The Art of Persuasion
Persuasion works best when you help others convince themselves.
Really good salespeople know how to persuade their prospects. But they don’t do it by pushing them harder. Instead, they push away the hard issues — the barriers that keep others from taking action. You don’t need to be manipulative to win people over. All it takes is a better understanding of how people make decisions.
Persuasion is part art, part smarts. Stick with these principles of persuasion, and you’ll end up getting more of what you want by giving others more of what they need.
Highlight the gap.
When people are pushed, they tend to push back. It’s called reactance, and it’s a hardwired human trait. The best way to convince others is to help them convince themselves. Start by highlighting the gap between the present and future — what is and what could be. Describe the benefits of your product or service — not just the features — and guide others to imagine future possibilities that can come from closing that gap.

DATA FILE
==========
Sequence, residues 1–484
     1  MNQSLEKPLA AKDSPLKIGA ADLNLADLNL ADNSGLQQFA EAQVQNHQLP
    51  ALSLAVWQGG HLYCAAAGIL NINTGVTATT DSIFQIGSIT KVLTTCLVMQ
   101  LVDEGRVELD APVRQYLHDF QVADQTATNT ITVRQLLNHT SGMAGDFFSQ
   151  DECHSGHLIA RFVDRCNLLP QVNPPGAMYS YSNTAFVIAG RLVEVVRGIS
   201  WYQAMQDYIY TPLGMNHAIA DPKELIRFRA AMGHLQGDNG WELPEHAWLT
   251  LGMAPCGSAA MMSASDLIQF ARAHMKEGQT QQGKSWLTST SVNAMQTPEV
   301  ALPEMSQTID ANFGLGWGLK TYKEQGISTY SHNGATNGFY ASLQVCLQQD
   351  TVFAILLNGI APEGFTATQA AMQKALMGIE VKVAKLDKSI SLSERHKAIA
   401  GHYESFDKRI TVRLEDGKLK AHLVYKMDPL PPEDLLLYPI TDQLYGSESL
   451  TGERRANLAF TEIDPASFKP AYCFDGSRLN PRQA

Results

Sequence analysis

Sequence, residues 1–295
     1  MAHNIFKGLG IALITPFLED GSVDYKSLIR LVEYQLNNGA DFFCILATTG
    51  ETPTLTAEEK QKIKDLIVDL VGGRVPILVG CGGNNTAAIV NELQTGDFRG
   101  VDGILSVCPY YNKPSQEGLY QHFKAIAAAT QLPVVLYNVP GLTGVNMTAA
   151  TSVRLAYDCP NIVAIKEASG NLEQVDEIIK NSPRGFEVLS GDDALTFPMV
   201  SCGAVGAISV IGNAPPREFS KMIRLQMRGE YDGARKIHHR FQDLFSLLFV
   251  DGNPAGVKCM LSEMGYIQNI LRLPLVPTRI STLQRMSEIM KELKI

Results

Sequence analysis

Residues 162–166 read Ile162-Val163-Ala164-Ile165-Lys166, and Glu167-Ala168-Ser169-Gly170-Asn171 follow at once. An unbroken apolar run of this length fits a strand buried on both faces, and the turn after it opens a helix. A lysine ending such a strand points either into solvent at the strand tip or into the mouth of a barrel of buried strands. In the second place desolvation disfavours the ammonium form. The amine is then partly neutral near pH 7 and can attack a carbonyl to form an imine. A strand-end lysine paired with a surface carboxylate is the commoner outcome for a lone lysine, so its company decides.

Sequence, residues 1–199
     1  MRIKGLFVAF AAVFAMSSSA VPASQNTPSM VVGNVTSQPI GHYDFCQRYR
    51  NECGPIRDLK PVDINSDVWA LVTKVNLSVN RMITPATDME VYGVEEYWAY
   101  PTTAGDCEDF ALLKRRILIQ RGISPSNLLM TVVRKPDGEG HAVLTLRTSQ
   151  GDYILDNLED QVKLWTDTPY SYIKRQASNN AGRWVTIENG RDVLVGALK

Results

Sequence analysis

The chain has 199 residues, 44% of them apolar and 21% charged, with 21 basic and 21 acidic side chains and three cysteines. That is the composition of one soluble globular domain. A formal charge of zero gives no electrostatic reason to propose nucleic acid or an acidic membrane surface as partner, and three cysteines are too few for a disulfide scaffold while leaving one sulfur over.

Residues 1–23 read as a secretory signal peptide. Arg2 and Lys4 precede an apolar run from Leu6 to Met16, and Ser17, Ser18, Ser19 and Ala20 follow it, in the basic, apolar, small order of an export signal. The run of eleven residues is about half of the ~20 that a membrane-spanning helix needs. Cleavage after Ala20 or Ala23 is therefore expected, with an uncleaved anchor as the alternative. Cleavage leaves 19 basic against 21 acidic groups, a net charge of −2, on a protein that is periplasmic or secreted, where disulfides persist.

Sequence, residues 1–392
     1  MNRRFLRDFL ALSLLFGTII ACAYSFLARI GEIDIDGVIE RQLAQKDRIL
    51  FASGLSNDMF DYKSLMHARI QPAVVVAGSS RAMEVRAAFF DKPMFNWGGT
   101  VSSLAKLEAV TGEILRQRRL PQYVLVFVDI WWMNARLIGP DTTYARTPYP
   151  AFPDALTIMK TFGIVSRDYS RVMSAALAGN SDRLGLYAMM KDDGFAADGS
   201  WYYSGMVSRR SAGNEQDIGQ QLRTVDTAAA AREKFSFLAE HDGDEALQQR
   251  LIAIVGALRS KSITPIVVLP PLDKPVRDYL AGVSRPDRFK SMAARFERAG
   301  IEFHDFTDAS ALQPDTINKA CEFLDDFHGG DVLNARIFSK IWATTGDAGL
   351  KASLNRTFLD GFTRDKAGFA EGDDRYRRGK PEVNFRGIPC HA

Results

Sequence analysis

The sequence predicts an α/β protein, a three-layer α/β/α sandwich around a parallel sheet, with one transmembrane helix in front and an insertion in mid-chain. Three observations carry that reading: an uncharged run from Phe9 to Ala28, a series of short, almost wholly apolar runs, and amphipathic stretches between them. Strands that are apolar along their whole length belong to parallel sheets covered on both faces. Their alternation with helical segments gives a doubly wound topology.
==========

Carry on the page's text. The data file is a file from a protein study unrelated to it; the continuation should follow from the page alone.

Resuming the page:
Surface the costs.
People resist change because they place more value on what they already have, something known as endowment. In reality, the cost of not taking action — in terms of money, time and opportunity — can be much higher. To be more persuasive, you should surface the costs of sticking with the status quo. Help others recognize that they stand to gain much more by acting than not.
Make numbers sound human.
Some people need data to guide their decisions. Data is good, but data stories are even better. Use math to deliver a message. Instead of saying that your product decreases costs by 30%, put the savings in human terms: “Our customers are happier as a result of the savings we deliver.” Numbers count more when they tell a story.
Shorten the distance.
People have a hard time accepting ideas that exist in a faraway future. To be more persuasive, shorten the distance from concept to reality by asking for smaller commitments and creating easier points of entry. These shrinking strategies let others see progress unfold over shorter intervals, boosting their confidence in you and their willingness to stay the course.
The best way to change people’s minds is to open their minds. Highlight the gaps, surface the costs, make your numbers human and shorten the distance to action, and you’ll find that prospects are ready — and willing — to hear what you have to say.